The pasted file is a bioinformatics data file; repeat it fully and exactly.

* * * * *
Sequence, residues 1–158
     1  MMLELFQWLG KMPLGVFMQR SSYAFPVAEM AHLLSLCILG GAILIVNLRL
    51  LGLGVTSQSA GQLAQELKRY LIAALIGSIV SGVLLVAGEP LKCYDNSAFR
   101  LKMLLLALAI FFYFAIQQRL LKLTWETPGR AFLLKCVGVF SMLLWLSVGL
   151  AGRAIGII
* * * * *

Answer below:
Sequence, residues 1–158
     1  MMLELFQWLG KMPLGVFMQR SSYAFPVAEM AHLLSLCILG GAILIVNLRL
    51  LGLGVTSQSA GQLAQELKRY LIAALIGSIV SGVLLVAGEP LKCYDNSAFR
   101  LKMLLLALAI FFYFAIQQRL LKLTWETPGR AFLLKCVGVF SMLLWLSVGL
   151  AGRAIGII